Attachment of nanoparticles (NPs) to the surface of carrier red blood cells (RBCs) profoundly alters their interactions with the host organism, decelerating NP clearance from the bloodstream while enabling NP transfer from the RBC surface to the vascular cells. These changes in pharmacokinetics of NPs imposed by carrier RBCs are favorable for many drug delivery purposes. On the other hand, understanding effects of NPs on the carrier RBCs is vital for successful translation of this novel drug delivery paradigm. Here, using two types of distinct nanoparticles (polystyrene (PSNP) and lysozyme-dextran nanogels (LDNG)) we assessed potential adverse and sensitizing effects of surface adsorption of NPs on mouse and human RBCs. At similar NP loadings (approx. 50 particles per RBC), adsorption of PSNPs, but not LDNGs, induces RBCs agglutination and sensitizes RBCs to damage by osmotic, mechanical and oxidative stress. PSNPs, but not LDNGs, increase RBC stiffening and surface exposure of phosphatidylserine, both known to accelerate RBC clearance in vivo. Therefore, NP properties and loading amounts have a profound impact on RBCs. Furthermore, LDNGs appear conducive to nanoparticle drug delivery using carrier RBCs.
Biologics now constitute a significant element of available medical treatments. Owing to their clinical and commercial success, biologics are a rapidly growing class and have become a dominant therapeutic modality. Although most of the successful biologics to date are drugs that bear a peptidic backbone, ranging from small peptides to monoclonal antibodies (~500 residues; 150 kDa), new biologic modalities, such as nucleotide-based therapeutics and viral gene therapies, are rapidly maturing towards widespread clinical use. Given the rise of peptides and proteins in the pharmaceutical landscape, tremendous research and development interest exists in developing less-invasive or non-invasive routes for the systemic delivery of biologics, including subcutaneous, transdermal, oral, inhalation, nasal and buccal routes. This Review summarizes the current status, latest updates and future prospects for such delivery of peptides, proteins and other biologics.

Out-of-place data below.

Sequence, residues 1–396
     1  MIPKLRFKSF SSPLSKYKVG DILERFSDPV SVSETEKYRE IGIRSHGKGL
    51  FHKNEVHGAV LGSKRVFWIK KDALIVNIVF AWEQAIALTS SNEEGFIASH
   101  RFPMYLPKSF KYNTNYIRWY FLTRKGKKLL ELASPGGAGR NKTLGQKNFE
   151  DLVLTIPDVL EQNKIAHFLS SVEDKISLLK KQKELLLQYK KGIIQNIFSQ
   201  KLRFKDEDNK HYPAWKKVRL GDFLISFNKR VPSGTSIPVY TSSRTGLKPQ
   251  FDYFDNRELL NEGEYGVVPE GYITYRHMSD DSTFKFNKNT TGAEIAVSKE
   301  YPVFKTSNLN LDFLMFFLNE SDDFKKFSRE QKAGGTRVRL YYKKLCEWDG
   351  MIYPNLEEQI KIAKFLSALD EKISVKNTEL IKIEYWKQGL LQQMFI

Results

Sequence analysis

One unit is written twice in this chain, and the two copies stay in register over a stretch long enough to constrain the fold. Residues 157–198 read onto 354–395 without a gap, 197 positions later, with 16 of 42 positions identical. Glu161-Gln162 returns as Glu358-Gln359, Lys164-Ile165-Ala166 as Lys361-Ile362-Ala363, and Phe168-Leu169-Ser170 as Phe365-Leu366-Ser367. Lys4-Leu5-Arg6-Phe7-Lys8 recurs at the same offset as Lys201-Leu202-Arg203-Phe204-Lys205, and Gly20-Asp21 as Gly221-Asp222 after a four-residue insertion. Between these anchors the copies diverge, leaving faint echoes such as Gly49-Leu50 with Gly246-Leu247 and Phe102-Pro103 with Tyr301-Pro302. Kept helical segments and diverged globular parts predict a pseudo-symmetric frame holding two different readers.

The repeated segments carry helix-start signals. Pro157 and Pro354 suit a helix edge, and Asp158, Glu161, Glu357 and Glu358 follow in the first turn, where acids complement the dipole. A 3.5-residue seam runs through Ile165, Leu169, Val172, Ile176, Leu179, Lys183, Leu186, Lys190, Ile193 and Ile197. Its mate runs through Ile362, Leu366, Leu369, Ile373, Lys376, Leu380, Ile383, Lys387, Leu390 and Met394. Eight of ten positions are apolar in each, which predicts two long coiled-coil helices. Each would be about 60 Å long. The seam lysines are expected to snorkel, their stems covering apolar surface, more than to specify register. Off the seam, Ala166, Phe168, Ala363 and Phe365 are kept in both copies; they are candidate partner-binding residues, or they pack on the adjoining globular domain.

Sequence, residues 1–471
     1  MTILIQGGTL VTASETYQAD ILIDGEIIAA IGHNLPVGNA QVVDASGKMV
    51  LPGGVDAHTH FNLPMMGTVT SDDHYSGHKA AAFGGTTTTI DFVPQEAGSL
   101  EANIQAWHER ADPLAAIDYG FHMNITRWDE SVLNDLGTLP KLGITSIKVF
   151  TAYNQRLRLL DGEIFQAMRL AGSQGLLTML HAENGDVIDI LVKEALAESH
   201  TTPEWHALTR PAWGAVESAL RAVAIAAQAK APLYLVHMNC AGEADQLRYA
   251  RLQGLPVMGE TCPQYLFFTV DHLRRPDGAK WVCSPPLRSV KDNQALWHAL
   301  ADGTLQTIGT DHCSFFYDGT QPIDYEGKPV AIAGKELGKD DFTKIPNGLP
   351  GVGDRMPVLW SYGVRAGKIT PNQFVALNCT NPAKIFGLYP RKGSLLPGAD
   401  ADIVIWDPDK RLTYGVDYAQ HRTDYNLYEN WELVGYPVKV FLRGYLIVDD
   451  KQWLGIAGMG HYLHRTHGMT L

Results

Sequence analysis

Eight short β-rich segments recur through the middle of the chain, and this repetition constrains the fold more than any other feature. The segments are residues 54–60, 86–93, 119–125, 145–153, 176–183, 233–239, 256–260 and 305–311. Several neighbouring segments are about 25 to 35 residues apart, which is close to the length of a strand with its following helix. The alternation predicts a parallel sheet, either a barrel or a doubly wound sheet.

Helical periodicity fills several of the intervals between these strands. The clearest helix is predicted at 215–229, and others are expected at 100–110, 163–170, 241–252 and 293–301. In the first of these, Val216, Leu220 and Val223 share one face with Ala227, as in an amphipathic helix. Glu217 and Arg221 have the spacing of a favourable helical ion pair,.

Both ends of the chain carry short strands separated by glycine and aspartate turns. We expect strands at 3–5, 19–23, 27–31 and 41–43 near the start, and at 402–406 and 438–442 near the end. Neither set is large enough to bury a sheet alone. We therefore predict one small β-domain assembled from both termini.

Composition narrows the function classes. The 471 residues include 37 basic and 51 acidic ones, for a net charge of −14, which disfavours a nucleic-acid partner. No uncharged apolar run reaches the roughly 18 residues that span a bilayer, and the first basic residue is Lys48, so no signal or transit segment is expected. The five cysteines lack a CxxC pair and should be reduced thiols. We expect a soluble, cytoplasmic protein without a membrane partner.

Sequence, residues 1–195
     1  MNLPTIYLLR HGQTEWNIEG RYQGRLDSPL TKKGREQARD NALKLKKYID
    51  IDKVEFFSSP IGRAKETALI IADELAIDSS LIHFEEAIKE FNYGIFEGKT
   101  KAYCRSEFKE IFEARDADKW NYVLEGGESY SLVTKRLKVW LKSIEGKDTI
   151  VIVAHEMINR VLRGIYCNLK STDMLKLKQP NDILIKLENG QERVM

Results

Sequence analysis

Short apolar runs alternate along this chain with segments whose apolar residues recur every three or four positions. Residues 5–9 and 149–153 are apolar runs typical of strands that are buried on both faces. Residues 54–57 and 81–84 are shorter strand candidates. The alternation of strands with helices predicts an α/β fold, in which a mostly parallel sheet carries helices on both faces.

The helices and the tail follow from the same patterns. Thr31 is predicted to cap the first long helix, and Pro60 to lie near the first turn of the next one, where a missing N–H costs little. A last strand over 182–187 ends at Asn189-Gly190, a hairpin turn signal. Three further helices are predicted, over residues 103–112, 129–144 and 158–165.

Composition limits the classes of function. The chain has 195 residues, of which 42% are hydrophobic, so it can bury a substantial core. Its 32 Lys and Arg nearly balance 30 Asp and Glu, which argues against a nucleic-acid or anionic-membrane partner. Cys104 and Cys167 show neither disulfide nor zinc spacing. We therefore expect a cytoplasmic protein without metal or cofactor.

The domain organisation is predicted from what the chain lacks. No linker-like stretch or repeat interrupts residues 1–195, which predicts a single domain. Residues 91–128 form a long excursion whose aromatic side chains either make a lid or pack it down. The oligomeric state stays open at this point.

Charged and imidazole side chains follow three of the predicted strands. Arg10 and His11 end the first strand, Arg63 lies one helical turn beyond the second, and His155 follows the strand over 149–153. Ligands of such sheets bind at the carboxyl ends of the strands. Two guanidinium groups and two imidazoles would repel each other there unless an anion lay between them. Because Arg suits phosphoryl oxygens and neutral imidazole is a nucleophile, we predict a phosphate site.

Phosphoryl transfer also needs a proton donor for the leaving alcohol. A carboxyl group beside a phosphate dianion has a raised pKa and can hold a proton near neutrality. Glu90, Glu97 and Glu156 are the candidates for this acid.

Jacob S Brenner, Daniel C Pan, Jacob W Myerson, Oscar A Marcos-Contreras, Carlos H Villa, Priyal Patel, Hugh Hekierski, Shampa Chatterjee, Jian-Qin Tao, Hamideh Parhiz, Kartik Bhamidipati, Thomas G Uhler, Elizabeth D Hood, Raisa Yu Kiseleva, Vladimir S Shuvaev, Tea Shuvaeva, Makan Khoshnejad, Ian Johnston, Jason V Gregory, Joerg Lahann, Tao Wang, Edward Cantu, William M Armstead, Samir Mitragotri, and Vladimir Muzykantov. 2018. “Red blood cell-hitchhiking boosts delivery of nanocarriers to chosen organs by orders of magnitude.” Nat Commun, 9, 1, Pp. 2684.Abstract
Drug delivery by nanocarriers (NCs) has long been stymied by dominant liver uptake and limited target organ deposition, even when NCs are targeted using affinity moieties. Here we report a universal solution: red blood cell (RBC)-hitchhiking (RH), in which NCs adsorbed onto the RBCs transfer from RBCs to the first organ downstream of the intravascular injection. RH improves delivery for a wide range of NCs and even viral vectors. For example, RH injected intravenously increases liposome uptake in the first downstream organ, lungs, by ~40-fold compared with free NCs. Intra-carotid artery injection of RH NCs delivers >10% of the injected NC dose to the brain, ~10× higher than that achieved with affinity moieties. Further, RH works in mice, pigs, and ex vivo human lungs without causing RBC or end-organ toxicities. Thus, RH is a clinically translatable platform technology poised to augment drug delivery in acute lung disease, stroke, and several other diseases.
Combination chemotherapy is commonly used to treat late stage cancer; however, treatment is often limited by systemic toxicity. Optimizing drug ratio and schedule can improve drug combination activity and reduce dose to lower toxicity. Here, we identify gemcitabine (GEM) and doxorubicin (DOX) as a synergistic drug pair in vitro for the triple negative breast cancer cell line MDA-MB-231. Drug synergy and caspase activity were increased the most by exposing cells to GEM prior to DOX in vitro. While the combination was more effective than the single drugs at inhibiting MDA-MB-231 growth in vivo, the clear schedule dependence observed in vitro was not observed in vivo. Differences in drug exposure and cellular behavior in vivo compared to in vitro are likely responsible. This study emphasizes the importance in understanding how schedule impacts drug synergy and the need to develop more advanced strategies to translate synergy to the clinic.